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Professor Fergusson plans to make aviation history by making his way across Africa by balloon. He plans to claim uncharted territories in West Africa as proof of his inventions worth. Written by
Dennis Kytasaari <email@example.com>
When Jules Verne wrote his novel first published his novel in 1863, he drew on two topics that were trending at the time - an interest in the dark secrets of Africa and the then current vogue for hot air ballooning. He would revisit these two topics to some degree nine years later in "Around the World in 80 Days". See more »
Although the teapot was clearly not in Sir Henry's possession when the Arabs captured them at the oasis, by the time they ended up in the prison it mysteriously appeared wrapped up in his jacket. See more »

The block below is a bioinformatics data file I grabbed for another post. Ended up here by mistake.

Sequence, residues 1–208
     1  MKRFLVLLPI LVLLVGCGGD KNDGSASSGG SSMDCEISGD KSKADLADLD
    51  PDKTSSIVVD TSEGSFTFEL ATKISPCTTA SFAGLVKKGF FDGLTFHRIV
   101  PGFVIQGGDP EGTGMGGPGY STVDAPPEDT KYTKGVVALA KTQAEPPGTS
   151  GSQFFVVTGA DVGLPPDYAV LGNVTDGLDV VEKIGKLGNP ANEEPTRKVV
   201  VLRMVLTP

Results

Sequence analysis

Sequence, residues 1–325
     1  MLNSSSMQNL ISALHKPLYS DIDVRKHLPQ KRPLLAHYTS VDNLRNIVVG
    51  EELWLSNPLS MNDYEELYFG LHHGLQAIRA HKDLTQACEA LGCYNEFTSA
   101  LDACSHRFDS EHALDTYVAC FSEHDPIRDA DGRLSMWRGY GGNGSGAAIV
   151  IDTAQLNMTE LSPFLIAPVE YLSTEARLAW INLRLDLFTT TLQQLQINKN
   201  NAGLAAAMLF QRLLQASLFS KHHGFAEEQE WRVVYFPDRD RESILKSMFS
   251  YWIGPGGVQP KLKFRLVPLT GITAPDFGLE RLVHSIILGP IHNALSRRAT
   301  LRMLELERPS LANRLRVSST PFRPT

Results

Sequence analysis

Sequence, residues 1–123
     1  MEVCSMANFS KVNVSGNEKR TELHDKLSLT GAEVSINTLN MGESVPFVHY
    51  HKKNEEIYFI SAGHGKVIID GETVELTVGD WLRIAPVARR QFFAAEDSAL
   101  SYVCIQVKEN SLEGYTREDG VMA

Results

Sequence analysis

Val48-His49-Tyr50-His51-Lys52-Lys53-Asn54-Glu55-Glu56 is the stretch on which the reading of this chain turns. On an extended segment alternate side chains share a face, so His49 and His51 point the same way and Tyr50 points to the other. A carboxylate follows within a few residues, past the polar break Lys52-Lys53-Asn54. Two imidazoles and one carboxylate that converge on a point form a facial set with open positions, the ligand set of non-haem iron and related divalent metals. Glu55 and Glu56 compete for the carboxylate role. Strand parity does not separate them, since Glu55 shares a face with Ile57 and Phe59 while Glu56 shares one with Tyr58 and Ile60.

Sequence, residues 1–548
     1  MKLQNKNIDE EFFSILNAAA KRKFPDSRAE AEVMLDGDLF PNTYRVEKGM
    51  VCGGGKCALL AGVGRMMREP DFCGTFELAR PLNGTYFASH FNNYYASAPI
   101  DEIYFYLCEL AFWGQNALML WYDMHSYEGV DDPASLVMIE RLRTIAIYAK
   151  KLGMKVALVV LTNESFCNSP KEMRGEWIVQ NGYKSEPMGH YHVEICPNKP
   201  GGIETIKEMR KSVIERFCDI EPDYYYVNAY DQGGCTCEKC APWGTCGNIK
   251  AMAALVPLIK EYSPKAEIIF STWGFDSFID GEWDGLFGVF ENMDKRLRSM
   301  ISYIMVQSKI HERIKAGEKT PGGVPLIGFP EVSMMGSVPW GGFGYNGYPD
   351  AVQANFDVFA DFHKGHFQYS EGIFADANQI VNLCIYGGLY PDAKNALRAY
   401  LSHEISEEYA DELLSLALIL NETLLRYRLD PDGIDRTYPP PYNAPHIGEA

Having seen the horrendous "The Lost World" (1960) a few weeks ago, I was afraid to revisit "Five Weeks in a Balloon." I had seen both films when originally released, and had a good memory of them (including the title song of this one, which everybody seems to like.) "The Lost World" turned out to be static, with terrible performances by people like Jill St. John and Fernando Lamas, surrounded by fake jungles, caverns, dinosaurs and volcanoes. So when it was "Five Weeks in a Balloon" turn, I had my doubts. Surprisingly, it is quite enjoyable once one overlooks its Hollywood version of African cultures, people and savannas, the stock footage, the (American) propaganda, the balloon being pulled by a thread during a rain storm, or Irwin Allen's handling of action scenes. Allen directed them awkwardly, and made the proceedings look slower than what is actually happening, as the rescue scene in the mesquite or the final scene by a river. In any case, it's a colorful and good looking CinemaScope production, with an interesting cast and many outdoors scenes that make it more attractive than Allen's other movies. By his standards, this may be the film he directed best, leaving his productions "The Poseidon Adventure" or "The Towering Inferno" to more capable hands.
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